“An OCT-A scan takes just a few seconds longer, but the real time comes in the interpretation of the scan,” he said, adding that this investment of time is outweighed by benefits over dye-based angiography: noninvasiveness, safety, speed, and more valuable information.
Dr. Waheed noted that it really is worth learning OCT-A for your patients, as it can help you figure out the risk of progression, especially for those with atrophy.
Choose the scan size. OCT-A allows you to do different scan sizes, said Dr. Rosenfeld, and you choose the scan size based on the extent of the disease. With a SD instrument, you can do a 3 mm × 3 mm, 6 mm × 6 mm, or 8 mm × 8 mm scan, he said. With SS-OCT-A, there is a choice of scan sizes from 3 mm × 3 mm up to 12 mm × 12 mm or 15 mm × 9 mm. Automated montage capability can extend the field of view out to 60 degrees or larger. “With all these scans, I can see all the pathology in AMD,” said Dr. Rosenfeld.
Scrutinize key areas. With OCT-A technology, you can look at various depths, said Dr. Lad, and you must first decide the level where you’re most likely to see the pathology. The segmentation levels that are most important to review for AMD are the deep—or avascular—retina and the choriocapillaris, said Dr. Waheed. “If you see something there, you worry about neovascularization.”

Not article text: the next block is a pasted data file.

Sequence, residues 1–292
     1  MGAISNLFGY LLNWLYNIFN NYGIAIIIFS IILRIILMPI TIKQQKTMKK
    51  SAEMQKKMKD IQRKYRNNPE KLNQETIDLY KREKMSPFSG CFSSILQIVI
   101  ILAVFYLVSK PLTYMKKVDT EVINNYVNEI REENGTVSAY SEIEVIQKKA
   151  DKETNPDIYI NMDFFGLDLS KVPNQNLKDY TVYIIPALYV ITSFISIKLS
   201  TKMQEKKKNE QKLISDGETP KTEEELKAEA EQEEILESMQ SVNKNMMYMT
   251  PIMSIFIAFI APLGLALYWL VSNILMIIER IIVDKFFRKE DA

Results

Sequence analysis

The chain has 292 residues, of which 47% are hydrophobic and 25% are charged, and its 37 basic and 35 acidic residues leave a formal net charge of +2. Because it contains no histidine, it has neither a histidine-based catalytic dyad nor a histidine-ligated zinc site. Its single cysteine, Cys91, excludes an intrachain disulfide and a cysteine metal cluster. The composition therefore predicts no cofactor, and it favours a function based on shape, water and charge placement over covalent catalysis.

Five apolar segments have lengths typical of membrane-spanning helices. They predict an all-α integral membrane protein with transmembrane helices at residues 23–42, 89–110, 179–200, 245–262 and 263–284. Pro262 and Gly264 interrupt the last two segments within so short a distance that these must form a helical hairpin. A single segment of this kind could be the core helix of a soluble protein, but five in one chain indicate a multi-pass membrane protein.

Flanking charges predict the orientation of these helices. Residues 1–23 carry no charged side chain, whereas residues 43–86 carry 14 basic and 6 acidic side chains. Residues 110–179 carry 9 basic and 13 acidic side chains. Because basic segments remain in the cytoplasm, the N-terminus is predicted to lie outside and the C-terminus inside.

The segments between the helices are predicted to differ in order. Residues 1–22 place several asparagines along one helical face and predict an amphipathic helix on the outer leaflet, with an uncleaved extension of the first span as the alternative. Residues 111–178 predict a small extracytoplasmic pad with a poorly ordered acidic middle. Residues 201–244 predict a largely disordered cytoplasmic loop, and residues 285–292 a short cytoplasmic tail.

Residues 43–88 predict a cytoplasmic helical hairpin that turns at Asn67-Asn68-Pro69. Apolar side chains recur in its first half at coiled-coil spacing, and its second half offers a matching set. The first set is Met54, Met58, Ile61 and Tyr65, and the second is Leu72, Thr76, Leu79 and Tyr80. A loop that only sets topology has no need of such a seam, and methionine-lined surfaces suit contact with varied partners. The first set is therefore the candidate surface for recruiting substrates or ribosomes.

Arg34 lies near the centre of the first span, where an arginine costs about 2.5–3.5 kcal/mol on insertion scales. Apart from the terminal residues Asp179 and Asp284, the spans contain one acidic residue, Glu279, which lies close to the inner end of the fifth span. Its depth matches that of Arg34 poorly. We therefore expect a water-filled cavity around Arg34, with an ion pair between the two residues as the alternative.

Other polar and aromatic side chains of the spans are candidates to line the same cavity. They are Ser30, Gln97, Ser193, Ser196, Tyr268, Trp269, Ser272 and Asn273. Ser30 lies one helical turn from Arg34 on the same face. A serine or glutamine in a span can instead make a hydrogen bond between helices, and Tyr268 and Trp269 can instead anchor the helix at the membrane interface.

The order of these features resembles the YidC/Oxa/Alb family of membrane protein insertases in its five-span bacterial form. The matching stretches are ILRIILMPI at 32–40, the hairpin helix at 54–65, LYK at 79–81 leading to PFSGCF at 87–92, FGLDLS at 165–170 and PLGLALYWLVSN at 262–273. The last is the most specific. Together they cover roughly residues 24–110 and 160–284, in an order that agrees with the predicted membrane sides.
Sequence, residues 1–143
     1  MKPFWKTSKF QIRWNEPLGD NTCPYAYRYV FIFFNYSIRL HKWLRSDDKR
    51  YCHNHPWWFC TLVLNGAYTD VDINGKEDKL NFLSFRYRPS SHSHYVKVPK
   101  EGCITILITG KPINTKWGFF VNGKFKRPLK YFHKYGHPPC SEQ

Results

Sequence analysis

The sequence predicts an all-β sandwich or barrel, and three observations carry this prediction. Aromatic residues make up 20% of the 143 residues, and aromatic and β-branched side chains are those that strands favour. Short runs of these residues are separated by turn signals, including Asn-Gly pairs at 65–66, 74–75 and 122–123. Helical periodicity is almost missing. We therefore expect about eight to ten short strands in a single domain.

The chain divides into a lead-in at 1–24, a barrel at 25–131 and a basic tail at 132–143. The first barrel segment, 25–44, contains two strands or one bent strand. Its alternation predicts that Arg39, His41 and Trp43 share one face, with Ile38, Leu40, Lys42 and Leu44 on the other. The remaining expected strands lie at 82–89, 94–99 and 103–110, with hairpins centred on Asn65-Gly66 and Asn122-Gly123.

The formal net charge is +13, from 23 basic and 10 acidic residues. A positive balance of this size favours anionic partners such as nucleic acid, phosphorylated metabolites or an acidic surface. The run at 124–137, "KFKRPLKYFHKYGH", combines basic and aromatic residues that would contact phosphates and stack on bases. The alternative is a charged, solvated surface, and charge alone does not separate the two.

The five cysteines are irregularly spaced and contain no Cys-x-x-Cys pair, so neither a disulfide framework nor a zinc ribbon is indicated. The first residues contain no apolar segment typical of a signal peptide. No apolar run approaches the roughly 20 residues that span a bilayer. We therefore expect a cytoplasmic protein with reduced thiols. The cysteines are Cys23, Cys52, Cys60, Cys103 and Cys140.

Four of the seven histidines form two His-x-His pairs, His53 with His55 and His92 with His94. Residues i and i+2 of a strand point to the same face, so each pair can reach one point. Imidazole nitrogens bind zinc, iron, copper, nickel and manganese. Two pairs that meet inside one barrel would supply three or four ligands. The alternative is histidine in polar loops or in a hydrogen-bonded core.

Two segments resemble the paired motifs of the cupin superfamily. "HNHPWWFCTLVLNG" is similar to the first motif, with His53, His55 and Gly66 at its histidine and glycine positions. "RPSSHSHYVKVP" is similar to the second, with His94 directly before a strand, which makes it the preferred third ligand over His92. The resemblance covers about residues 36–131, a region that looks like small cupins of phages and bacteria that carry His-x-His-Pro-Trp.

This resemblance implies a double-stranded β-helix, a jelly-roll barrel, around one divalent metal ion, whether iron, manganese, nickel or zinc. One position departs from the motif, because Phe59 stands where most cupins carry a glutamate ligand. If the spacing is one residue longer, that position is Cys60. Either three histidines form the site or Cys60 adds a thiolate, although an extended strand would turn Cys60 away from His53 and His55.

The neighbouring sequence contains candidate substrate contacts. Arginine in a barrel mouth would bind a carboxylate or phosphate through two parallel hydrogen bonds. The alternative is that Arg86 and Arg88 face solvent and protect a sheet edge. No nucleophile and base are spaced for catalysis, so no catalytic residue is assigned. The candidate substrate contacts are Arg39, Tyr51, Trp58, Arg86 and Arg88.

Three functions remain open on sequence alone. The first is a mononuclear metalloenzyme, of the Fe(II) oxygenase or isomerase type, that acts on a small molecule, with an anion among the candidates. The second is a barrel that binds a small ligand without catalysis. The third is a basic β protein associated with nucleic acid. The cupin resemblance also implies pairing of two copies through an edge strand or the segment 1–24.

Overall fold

Look at a structural-flow overlay. “The other thing I always like to look at is the structural B-scan with a flow overlay,” said Dr. Waheed. This can help confirm the presence of subclinical neovascularization in patients with nonexudative disease.
Check density. “I also like to look at the overall density of the choriocapillaris, especially on the margins of the geographic atrophy because that tells me how much damage there is,” said Dr. Waheed.
Beware of artifacts. Motion artifacts are much less of a problem today due to physical tracking and software-based artifact removal tools, said Dr. Waheed. “However, it can still happen if the patient has poor fixation and a lot of GA,” she said. Although projection artifacts have become less common thanks to software designed to remove them, if you see something that looks like neovascularization, double-check that you’re not looking at projection artifacts, she said.